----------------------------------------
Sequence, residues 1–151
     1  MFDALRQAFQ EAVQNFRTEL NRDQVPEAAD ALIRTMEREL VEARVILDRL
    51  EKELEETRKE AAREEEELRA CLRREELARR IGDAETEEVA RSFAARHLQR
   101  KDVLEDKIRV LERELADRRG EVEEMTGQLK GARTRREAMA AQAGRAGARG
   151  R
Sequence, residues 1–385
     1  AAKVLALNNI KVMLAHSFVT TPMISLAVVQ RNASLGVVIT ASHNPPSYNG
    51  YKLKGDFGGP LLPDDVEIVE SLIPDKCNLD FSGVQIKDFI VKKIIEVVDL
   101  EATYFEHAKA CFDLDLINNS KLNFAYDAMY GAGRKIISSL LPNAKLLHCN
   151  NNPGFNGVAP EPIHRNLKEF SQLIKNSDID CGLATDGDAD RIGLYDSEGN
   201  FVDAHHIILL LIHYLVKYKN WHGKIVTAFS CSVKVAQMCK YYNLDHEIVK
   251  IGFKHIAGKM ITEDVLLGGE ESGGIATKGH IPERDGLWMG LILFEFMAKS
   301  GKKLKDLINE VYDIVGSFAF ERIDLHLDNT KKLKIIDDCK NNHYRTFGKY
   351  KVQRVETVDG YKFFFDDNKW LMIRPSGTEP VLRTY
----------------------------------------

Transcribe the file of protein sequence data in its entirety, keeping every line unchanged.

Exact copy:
Sequence, residues 1–151
     1  MFDALRQAFQ EAVQNFRTEL NRDQVPEAAD ALIRTMEREL VEARVILDRL
    51  EKELEETRKE AAREEEELRA CLRREELARR IGDAETEEVA RSFAARHLQR
   101  KDVLEDKIRV LERELADRRG EVEEMTGQLK GARTRREAMA AQAGRAGARG
   151  R
Sequence, residues 1–385
     1  AAKVLALNNI KVMLAHSFVT TPMISLAVVQ RNASLGVVIT ASHNPPSYNG
    51  YKLKGDFGGP LLPDDVEIVE SLIPDKCNLD FSGVQIKDFI VKKIIEVVDL
   101  EATYFEHAKA CFDLDLINNS KLNFAYDAMY GAGRKIISSL LPNAKLLHCN
   151  NNPGFNGVAP EPIHRNLKEF SQLIKNSDID CGLATDGDAD RIGLYDSEGN
   201  FVDAHHIILL LIHYLVKYKN WHGKIVTAFS CSVKVAQMCK YYNLDHEIVK
   251  IGFKHIAGKM ITEDVLLGGE ESGGIATKGH IPERDGLWMG LILFEFMAKS
   301  GKKLKDLINE VYDIVGSFAF ERIDLHLDNT KKLKIIDDCK NNHYRTFGKY
   351  KVQRVETVDG YKFFFDDNKW LMIRPSGTEP VLRTY